Cancer Screening

There are currently three national screening programmes:

Breast Screening

Women are offered screening every three years between the ages of 50 and 70. In 2017/8 the % of women screened was in England was 70.5%.

Screening saves about 1 life from breast cancer for every 200 women who are screened. This adds up to about 1,300 lives saved from breast cancer each year in the UK. This equates to about 3 women every time the screening service visits your PCN area, or 1 additional life saved for a practice with 10,000 patients.

Breast cancer screening programme from Digital Health Stoke-on-Trent on Vimeo.

Bowel Screening

In England, people between the ages of 60 and 74 years are offered screening every 2 years. This was undertaken using faecal occult bloods (FOBs) but we are now changing to Faecal Immunochemical Test (FIT). FIT only detects human blood and is specific to human haemoglobin, which is a significant advantage over FOB. It means that a FIT result is not influenced by the presence of other blood in stools, such as that ingested through diet.

Dorset and Southampton have moved to FIT and the rest of our area will be moving to FIT test by the end of the year. This is expected to increase the uptake of screening. The current uptake for bowel screening is only 60%.

Bowel scope screening with a flexible sigmoidoscope is being rolled out to all men and women aged 55.

Bowel cancer is the 4th most common cancer and It is estimated that the NHS bowel cancer screening programme could save 1,800 to 2,400 lives each year in England by 2025.

Cervical Screening

About 2,600 women are diagnosed with cervical cancer each year and sadly about 690 die from this which is largely a preventable cancer. The cervical screening rate has fallen to an all-time low, in some areas the rate has fallen to 75%.

The introduction of HPV vaccination for girls aged 12-13 will have a significant impact and now with the introduction of HPV vaccination for boys the benefits will be increased.

What is cervical screening?

Cervical screening, or the “smear test”, is a routine health check that identifies potentially harmful cells and changes on the cervix. Cervical screening is not a test for cancer but catching any changes early can reduce your risk of developing cervical cancer. Cervical cancer kills two women every day. Regular screenings can help reduce that number, which is why it’s so important you attend your screening when invited.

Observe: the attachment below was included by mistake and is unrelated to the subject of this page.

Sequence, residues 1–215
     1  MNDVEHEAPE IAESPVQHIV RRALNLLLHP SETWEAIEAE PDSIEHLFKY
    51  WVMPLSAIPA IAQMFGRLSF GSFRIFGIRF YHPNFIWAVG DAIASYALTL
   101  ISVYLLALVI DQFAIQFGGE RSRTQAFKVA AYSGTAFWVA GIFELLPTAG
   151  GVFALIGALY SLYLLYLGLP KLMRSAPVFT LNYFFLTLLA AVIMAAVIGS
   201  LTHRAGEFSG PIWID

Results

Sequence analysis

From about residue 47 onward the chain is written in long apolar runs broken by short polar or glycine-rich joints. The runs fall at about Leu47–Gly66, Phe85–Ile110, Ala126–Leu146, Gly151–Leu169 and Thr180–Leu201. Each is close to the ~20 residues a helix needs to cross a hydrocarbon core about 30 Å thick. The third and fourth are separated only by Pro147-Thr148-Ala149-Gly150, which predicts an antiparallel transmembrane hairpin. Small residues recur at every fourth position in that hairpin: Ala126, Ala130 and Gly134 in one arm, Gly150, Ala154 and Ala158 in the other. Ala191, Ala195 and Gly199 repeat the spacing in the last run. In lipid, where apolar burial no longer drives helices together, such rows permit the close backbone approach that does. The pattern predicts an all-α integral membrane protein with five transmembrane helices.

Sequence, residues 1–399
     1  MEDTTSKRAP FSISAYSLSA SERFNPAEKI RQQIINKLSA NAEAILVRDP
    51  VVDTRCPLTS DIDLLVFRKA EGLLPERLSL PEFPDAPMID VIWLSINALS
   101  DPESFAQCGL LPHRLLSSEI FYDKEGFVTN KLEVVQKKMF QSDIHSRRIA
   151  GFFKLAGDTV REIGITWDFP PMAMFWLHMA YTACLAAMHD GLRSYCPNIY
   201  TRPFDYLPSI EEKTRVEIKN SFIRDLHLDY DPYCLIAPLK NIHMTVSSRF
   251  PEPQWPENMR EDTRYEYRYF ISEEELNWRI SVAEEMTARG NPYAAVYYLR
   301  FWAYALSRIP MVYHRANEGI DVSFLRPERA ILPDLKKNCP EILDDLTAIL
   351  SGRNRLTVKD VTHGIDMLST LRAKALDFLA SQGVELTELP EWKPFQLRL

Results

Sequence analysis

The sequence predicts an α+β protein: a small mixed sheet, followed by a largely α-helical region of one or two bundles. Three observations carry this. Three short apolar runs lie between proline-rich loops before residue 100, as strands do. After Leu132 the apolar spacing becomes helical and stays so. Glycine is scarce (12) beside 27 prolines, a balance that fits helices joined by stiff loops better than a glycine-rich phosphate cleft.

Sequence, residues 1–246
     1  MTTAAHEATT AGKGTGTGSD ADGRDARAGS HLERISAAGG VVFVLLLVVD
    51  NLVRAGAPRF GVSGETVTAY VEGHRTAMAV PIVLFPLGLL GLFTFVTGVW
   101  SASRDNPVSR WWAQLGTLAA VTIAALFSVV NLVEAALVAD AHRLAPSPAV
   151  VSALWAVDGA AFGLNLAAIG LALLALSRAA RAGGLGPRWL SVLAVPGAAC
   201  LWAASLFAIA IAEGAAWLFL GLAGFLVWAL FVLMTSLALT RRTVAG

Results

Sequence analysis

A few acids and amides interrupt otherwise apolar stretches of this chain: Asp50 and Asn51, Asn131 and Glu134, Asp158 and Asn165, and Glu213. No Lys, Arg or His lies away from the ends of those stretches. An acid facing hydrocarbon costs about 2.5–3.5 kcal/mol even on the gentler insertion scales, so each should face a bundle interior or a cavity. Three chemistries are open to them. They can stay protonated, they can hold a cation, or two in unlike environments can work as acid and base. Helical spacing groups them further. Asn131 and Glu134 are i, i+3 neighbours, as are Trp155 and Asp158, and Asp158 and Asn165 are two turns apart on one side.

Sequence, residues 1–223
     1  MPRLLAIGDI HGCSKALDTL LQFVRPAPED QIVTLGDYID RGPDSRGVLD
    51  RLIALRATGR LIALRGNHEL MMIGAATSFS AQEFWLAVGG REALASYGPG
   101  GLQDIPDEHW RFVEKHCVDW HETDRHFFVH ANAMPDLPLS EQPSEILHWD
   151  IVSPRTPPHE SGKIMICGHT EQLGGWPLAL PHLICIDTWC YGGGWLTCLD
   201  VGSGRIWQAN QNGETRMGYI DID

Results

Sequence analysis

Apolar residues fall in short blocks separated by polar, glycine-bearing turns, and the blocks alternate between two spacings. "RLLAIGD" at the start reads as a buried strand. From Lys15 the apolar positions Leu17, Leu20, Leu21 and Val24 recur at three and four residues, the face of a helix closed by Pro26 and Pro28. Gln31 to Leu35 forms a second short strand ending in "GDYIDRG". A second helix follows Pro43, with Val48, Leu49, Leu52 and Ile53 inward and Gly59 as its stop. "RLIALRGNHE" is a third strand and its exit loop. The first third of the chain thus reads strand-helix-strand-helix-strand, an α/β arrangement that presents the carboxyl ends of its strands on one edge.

Who is the screening for?

  • If you are a woman, or someone with a cervix, you will be invited for cervical screening at regular intervals:
  • If you’re aged 25-49, you’ll be invited every 3 years
  • If you’re aged 50-64, you’ll be invited every 5 years
  • It is advisable you have regular cervical screenings, but ultimately, it is your choice whether you attend.

What happens during cervical screening?

Your screening will only take a minute or two, the whole appointment usually takes around ten minutes. During your screening a nurse will give you a private space in which to undress from the waist down. They will also give you a paper sheet to cover yourself and will ask you to lie on the bed. They’ll then place a speculum (a hollow cylinder with a rounded edge) in your vagina.

This helps them see your cervix. Then, using a small brush, they’ll gently gather some cells from your cervix. They’ll remove the speculum, put your sample in a pot and send it off for testing. You’ll get your results around two weeks later.

Your appointment

Your nurse is there to answer any questions or concerns you may have before your appointment, so please talk to them if you’re feeling nervous.

There are also a range of things you can do to put yourself at ease during your screening:

  • If you’d like, you can take a trusted friend or family member with you
  • Wear a long, loose dress or skirt. It may make you feel more covered during your screening
  • Take long, deep breaths to help you relax
  • Listen to a podcast or some music during your screening to put you at ease
  • Speculums come in a range of different sizes. It is a rounded cylinder which is gently opened so nurses can see your cervix. You may want to discuss the size of the speculum with the nurse before you have the test.

If you’re due to have a cervical screening, you’ll receive a letter in the post. Don’t ignore it, book your cervical screening today.

If you missed your previous screening, please contact us and we will book you an appointment.